Don’t wait for activities to end: If students are doing individual work and 1 student  seems to be finishing up, then grab her or him and start the next activity with that student, alone.  And when another student finishes, well the first student already knows how to do it, so just pair them up and let them go.

Don’t officially end your class:  If you follow most (or even some) of these ideas, there’s a very good chance that when class time is winding down there will be a lot of students doing a lot of different things.  What’s the point in stopping them all and making them look at you?  Really, what’s the point of officially ending class in general? Instead, with a minute left in class, just walk around to the students and let them know you are leaving the class to get ready for your next lesson.  And let the the students keep doing what they want to do.  Trust that they will leave the class in time for the next class of students to come on in.  And you know what, they might just keep learning right up to the very last second. I’ve even had pairs or small groups of students head off to a nearby cafe to continue their lesson sans teacher.

There’s this term, ‘classroom management.’  Whenever I hear it, I kind of get itchy all over. Why would I want to manage my classroom?  I think I’d rather spend my time creating an environment where students can, as much as possible, manage their own learning.   Luckily, as a teacher, how I spend my time during a lesson is mostly up to me. I wonder how classrooms might look if students, whenever possible, were provided with that same opportunity.

Lessons Learned in 2014 (…as a homeroom teacher)

My ChartI am a homeroom teacher.  And this was a year of being a homeroom teacher. No adjectives.  It was just one day.  And then another day.  And sometimes one of those days ploughed into the next day, the way cars can smash into each other on an icy Michigan freeway after just a moment of carelessness.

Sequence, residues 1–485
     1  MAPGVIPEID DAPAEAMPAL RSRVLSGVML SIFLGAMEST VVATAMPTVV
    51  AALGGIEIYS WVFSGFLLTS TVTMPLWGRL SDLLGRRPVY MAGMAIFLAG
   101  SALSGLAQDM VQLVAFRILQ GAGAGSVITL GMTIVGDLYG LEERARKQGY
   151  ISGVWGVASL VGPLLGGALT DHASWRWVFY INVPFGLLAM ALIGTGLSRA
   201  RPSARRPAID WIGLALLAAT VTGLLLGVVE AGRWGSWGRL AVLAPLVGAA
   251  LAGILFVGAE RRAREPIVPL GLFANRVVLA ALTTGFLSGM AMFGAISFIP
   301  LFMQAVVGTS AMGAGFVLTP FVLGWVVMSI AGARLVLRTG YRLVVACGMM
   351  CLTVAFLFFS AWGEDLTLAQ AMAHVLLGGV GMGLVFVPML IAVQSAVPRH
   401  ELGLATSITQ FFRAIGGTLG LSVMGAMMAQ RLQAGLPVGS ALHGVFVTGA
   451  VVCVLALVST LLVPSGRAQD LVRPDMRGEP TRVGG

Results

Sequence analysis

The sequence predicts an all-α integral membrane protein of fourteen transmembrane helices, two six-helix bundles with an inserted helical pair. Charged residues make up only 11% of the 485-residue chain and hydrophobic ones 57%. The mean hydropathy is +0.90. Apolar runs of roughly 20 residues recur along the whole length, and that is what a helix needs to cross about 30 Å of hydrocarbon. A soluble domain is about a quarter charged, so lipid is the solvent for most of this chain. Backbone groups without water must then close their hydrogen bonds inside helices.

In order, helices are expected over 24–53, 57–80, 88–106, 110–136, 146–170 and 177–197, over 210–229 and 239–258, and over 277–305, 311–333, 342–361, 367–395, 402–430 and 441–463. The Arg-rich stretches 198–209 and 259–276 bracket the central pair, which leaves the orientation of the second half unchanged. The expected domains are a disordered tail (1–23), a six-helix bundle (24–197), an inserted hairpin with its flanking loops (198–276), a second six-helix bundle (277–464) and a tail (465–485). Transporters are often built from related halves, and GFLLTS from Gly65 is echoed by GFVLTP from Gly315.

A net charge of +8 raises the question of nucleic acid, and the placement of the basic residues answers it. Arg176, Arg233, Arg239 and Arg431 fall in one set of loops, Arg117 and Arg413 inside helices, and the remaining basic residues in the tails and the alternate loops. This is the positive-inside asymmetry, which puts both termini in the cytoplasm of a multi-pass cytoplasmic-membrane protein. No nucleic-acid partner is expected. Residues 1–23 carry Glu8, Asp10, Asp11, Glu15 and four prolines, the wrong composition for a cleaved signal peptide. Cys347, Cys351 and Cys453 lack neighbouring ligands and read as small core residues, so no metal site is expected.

This was the year I spent a lot of time trying to figure out if a student had dyed their hair (because it was my job to send them home, call their parents, and make sure they dyed it back to black before they could take another class), or calling mothers and fathers and explaining that yes, technically, eyelash extensions are a form of makeup.  It was the year I realised that having enough time to talk about how it’s a waste of time to use lots of time to write lesson plans was, now that I think about, also a huge waste of time.

This was the year I read other teachers’ blogs and thought, wow, here are all these new voices–to me–saying all these things I admire and helping to keep me going (Hana Tichá, you are amazing; David Harbinson, I am a huge fan, please keep doing what you are doing).

This was the year I would get  a mention on FaceBook (Sandy Millin), a trackback on my blog (Anne Hendler, Anna Loseva, Ljiljana Havran), or see a Tweet (that’s you Colm and Mike) and think, oh, I have not disappeared from the world, I am not transparent.  And all of you who worked to keep me connected, I thank you.

It was the year I took class notes and more class notes and maybe, once a month, I snapped at my co-workers and hid out in an empty classroom and tried to catch up on what was going on with my students when it came to English.

But for all this, it was not a bad year.  In all those days piling up one after another, I learned some things.  Some things I want to share as the New Year starts, because they were small gifts that my students and their parents and my coworkers and friends gave to me.